“If there is one country in the world that has the most gross double-standards, it’s the UK. As long as the Saudis are their ally, they can overlook any of atrocities committed by their friend. Yemenis’ blood means nothing when Saudi’s cash is on the table and if you’re a foreign journalist, some big media outlets won’t buy your story because they don’t want to annoy the Saudis,” says Nasser.

But amidst all the reasoning, the facts remain. Atrocities are still being committed against innocent people on a daily basis and a humanitarian crisis is worsening as millions of people lack basic food and water supplies.

Murad Subay, an internationally renowned Yemeni street artist who has been using his art to call for peace, says that the situation in Syria should serve as a warning. “What happened in Syria is an example of where the world ignored the crisis until it turned into catastrophic war. We as citizens of the world have a responsibility to pressure countries to stop engaging in Yemen’s war and to stop selling the arms that fuel it. People suffering in faraway places doesn’t make the rest of the world immune from it. People everywhere should care because it is the right thing to do, because what’s happening is wrong and inhumane.”

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Au Yemen, Murad Subay préfère se battre avec des pinceaux\ Open Minded

 

Au Yemen, Murad Subay préfère se battre avec des pinceaux

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Le banksy yéménite

Artiste de 29 ans né au Yemen, Murad Subay est le Banksy local. Mais contrairement au street artist britannique qui dissimule son identité, Murad Subay expose son visage et ses oeuvres à la vue de tous. C’est en 2001 qu’il commence à peindre sur les murs de Sanaa, la capitale du Yemen et c’est presque seul qu’il lance, dans un pays divisé et en guerre le street art yéménite. Et dans une dictature, pas évident de faire des graffitis politiques sans être inquiéter. 

 

Murad

Cependant, Murad Subay n’a pas toujours été un artiste pacifiste. En 2011, il est un des leaders du printemps arabe au Yemen, durement réprimé par le régime. Mais au moment où ces camarades prennent les armes, il choisit le pinceau et les bombe de peintures. Aujourd’hui pacifiste , Murad Subay dénoncent sur les murs de son pays les atrocités de la guerre civile opposant les miliciens chiites au régime sunnite soutenu par l’Arabie Saoudite et les États-Unis. L’artiste combat aussi l’intégrisme religieux caractérisé par la forte présence d’Al Qaida dans la région mais aussi la politique interventionniste des États-Unis, symbolisé par les attaques quotidiennes de drones.
pourquoi ??

Sa première campagne « colore les murs de ta ville » a été lancé en 2012 juste après les affrontements qui avait secoué la capitale. La campagne visait à effacer les traces du conflit dans les zones les plus touchées. Il encourageait ainsi les passants et les habitants sur les réseaux sociaux à venir peindre des messages de paix sur les ruines des immeubles détruits par les obus et les balles. Cette campagne a duré trois mois et s’est étendue à d’autres villes du pays comme Aden, Taizz.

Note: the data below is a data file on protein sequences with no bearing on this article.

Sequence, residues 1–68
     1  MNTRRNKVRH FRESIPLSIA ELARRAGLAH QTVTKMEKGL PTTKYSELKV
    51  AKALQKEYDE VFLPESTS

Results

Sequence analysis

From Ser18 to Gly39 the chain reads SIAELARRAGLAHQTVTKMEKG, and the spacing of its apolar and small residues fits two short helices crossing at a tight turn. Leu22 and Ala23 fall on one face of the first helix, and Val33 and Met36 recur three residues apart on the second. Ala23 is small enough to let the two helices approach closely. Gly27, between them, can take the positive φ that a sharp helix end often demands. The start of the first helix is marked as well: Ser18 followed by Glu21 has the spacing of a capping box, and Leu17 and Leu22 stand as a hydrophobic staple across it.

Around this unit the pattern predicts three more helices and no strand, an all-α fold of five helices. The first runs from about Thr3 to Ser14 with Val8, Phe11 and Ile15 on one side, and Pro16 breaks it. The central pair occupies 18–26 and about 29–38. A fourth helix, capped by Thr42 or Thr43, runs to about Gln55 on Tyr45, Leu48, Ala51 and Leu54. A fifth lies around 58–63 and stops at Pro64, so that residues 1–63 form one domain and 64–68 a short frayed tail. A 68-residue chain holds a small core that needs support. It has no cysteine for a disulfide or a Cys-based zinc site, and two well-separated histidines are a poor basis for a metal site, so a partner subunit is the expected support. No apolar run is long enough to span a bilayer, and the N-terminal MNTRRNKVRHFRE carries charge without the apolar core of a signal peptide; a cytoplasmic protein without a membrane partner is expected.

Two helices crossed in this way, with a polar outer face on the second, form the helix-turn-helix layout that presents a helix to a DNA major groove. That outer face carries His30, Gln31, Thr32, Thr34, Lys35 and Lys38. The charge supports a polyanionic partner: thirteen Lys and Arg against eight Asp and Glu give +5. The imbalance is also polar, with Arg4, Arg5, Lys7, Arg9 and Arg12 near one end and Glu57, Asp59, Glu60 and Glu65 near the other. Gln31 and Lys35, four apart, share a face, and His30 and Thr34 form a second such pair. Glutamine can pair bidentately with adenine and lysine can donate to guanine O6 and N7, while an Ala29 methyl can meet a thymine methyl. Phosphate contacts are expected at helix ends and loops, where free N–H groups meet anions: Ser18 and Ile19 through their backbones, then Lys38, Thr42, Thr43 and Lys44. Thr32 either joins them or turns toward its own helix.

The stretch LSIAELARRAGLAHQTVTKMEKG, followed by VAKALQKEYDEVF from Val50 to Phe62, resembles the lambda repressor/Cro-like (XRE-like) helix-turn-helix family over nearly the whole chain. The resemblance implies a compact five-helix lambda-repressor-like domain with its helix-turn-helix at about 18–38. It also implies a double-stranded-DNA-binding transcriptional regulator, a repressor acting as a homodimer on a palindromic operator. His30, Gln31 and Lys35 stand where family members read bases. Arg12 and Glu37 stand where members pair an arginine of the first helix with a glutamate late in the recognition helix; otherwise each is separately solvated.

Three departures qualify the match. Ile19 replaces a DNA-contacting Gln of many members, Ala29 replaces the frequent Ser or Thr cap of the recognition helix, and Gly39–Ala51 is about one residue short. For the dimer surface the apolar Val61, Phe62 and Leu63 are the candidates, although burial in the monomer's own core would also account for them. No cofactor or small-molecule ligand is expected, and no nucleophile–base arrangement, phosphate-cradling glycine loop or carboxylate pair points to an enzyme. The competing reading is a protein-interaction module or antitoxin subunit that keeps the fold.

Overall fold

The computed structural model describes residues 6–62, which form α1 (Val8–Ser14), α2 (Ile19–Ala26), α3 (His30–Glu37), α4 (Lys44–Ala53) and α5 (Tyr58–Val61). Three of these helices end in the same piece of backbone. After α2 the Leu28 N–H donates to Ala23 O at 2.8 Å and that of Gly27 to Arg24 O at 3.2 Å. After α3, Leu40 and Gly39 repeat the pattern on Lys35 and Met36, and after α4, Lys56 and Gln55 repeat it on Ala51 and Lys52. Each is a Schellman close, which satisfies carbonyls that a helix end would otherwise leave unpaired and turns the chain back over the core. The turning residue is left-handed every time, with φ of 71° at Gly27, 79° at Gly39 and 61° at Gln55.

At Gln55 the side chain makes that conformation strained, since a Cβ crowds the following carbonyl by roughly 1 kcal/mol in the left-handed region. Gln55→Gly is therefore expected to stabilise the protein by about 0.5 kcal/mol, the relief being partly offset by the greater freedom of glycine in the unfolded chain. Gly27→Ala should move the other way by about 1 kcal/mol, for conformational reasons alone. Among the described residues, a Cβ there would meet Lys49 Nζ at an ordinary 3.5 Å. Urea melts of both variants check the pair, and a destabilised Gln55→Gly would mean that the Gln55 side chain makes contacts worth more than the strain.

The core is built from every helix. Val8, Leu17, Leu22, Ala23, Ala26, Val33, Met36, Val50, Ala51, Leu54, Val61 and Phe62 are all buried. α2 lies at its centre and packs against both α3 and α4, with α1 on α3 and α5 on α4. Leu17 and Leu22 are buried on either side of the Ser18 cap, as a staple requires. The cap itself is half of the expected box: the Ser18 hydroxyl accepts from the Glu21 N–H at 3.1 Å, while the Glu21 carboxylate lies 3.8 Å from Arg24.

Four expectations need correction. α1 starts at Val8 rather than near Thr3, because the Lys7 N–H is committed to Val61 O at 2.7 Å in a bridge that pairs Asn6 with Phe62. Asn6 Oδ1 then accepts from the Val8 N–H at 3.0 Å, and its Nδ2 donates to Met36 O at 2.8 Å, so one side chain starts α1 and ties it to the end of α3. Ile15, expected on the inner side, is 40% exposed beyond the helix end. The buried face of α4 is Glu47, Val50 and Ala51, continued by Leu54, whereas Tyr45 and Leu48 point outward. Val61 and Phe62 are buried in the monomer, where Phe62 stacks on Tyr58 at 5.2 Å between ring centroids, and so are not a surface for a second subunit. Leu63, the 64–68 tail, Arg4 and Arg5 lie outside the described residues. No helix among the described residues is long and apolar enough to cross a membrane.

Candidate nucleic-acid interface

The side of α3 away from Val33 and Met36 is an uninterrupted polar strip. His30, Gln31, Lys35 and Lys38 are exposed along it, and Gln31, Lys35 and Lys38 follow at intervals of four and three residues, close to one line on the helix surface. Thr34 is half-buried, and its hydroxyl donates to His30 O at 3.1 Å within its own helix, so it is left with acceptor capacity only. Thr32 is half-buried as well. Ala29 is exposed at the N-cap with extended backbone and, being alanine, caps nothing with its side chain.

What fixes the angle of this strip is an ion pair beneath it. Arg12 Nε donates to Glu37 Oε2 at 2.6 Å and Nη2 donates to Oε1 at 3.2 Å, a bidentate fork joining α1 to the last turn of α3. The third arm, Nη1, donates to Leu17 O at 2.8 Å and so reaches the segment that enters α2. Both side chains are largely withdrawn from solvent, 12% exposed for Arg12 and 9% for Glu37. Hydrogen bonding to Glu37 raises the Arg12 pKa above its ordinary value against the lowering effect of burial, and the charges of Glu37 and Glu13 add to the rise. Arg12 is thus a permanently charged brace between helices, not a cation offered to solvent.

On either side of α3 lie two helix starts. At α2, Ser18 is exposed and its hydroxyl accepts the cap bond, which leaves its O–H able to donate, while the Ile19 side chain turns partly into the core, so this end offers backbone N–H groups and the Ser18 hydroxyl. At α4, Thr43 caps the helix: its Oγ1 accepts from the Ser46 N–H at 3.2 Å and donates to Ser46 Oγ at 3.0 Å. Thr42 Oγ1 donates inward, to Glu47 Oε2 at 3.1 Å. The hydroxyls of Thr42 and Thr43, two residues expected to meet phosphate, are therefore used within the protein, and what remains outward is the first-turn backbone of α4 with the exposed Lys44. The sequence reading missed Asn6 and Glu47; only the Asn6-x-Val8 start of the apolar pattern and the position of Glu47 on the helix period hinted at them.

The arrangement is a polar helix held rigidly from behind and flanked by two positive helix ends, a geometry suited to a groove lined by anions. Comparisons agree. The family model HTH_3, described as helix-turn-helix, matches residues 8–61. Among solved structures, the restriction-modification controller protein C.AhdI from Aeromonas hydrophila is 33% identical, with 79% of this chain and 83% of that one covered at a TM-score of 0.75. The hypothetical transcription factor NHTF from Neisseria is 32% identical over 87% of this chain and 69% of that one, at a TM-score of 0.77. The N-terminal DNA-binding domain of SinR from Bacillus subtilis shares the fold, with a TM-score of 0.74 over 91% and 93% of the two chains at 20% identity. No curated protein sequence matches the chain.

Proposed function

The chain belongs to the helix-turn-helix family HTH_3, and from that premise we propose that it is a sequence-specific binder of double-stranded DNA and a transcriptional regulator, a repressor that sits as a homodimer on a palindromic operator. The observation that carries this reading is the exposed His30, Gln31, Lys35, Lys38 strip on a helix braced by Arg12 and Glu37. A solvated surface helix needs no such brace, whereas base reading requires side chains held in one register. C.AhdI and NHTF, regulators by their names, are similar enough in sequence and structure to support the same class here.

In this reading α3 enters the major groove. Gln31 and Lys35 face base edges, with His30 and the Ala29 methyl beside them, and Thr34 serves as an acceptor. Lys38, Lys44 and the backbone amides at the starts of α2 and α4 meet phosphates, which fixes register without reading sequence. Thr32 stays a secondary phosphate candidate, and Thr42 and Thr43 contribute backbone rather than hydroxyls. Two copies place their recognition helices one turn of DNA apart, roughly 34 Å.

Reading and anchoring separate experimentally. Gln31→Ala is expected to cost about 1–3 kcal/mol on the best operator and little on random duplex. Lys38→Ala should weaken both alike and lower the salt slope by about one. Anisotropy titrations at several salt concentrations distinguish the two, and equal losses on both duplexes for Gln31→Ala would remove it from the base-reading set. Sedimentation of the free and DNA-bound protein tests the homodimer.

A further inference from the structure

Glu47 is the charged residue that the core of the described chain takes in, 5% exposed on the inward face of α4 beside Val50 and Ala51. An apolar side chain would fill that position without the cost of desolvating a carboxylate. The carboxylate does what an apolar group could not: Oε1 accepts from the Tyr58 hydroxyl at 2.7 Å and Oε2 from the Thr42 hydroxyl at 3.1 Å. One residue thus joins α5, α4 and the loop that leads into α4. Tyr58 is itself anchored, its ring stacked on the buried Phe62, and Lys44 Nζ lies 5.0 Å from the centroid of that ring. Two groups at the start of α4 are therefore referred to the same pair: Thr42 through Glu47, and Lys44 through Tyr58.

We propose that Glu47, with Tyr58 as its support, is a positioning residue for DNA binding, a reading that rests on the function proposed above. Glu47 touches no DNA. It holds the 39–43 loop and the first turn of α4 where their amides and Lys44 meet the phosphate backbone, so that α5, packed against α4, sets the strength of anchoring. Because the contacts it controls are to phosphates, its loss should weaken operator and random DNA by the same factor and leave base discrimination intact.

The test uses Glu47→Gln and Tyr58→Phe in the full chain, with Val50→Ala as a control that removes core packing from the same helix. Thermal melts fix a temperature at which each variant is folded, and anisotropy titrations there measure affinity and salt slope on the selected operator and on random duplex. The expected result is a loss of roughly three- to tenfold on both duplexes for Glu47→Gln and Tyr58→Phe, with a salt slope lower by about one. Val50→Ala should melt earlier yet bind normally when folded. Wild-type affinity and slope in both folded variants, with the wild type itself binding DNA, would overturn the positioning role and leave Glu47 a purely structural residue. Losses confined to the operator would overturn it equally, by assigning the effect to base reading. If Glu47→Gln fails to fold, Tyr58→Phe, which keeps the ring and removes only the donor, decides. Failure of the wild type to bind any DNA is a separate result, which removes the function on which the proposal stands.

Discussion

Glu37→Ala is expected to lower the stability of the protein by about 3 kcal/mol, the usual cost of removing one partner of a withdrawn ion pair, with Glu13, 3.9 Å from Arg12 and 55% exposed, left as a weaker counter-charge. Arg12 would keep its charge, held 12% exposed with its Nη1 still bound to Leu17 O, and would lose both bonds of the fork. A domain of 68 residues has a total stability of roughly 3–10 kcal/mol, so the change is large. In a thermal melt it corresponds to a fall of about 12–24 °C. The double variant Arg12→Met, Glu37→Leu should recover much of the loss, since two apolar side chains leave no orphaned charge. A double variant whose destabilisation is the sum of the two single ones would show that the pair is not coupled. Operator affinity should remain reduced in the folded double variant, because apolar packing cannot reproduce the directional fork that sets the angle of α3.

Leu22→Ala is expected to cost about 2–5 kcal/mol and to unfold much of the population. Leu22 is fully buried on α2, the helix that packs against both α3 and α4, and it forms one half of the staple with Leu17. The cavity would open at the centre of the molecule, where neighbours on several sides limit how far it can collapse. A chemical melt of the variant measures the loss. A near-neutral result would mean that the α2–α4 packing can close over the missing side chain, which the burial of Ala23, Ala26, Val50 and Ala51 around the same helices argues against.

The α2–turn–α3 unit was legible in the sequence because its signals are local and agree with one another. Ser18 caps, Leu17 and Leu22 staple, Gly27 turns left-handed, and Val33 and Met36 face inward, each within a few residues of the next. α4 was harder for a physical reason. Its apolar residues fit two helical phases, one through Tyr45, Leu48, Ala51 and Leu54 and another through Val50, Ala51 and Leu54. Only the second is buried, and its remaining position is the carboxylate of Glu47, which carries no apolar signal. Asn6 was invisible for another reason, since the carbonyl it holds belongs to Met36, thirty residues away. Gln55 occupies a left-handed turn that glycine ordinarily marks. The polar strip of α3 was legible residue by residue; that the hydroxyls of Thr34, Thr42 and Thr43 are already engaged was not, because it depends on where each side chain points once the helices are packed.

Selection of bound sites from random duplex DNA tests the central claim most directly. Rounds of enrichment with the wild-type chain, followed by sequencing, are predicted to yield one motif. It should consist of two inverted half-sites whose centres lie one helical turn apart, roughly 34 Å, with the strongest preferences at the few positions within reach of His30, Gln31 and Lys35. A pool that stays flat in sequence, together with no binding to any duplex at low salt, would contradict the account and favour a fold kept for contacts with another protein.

Murad 5

En 2012, il lance sa deuxième campagne, « les murs se souviennent de leurs visages ». Elle présentait les visages de policiers, civils et opposants politiques disparus. Dans un pays où toute contestation est sévèrement réprimée, sa démarche a pourtant fait le tour du pays et ces visages oubliés ont pu atteindre des provinces reculées. Souvent ironique et irrévérencieux, Murad Subay n’a pas encore été censuré ou intimidé par le gouvernement à l’inverse des extrémistes religieux qui l’ont menacé de mort.

 

Murad 9

« 12 Hours », sa campagne la plus récente mettait en avant les 12 plus gros problèmes rencontrés par la société yéménite. Vaste programme pour un pays déchiré par la guerre civile. On peut citer au delà du terrorisme et de la dictature le trafic d’armes, les enlèvements, le trafic d’organes et d’êtres humains ou encore les frappes de drones. Avec sa démarche positive, l’artiste a reçu des récompenses liés à l’art ou encore le soutien de l’ONU qu’il a préféré rejeter pour maintenir son autonomie.

Murad 1

Murad

En l’espace de deux ans, Murad Subay a peint sur plus de 2000 murs dans tous le pays, invitant quiconque le souhaite à venir participer. « Mes campagnes ne seraient rien sans les gens, même des soldats baissent leurs armes pour donner des coups de pinceaux » dit l’artiste. Et entre la guerre civile, le sectarisme religieux et l’ingérence étrangère, les modestes peintures politiques de Murad Subay ne peuvent être que positives et saines dans une société dictatoriale ravagée par la violence.

 

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Article link..

“Murad Subay” an article by the amazing Lydia Noon, in the printed magazine “New Internationalist”

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“Do you think art can increase global awareness of Yemen’s humanitarian crisis?
Art is often used to send powerful messages, especially when it discusses the issues that concern people. Art can be understood globally; it is a universal an peaceful language. For this reason, I believe that using this medium to highlght the ‘forgotten’ Yemeni crisis and conflict might help in getting some of the attention that we need.”

New Internationalist, Murad Subay
New Internationalist, Murad Subay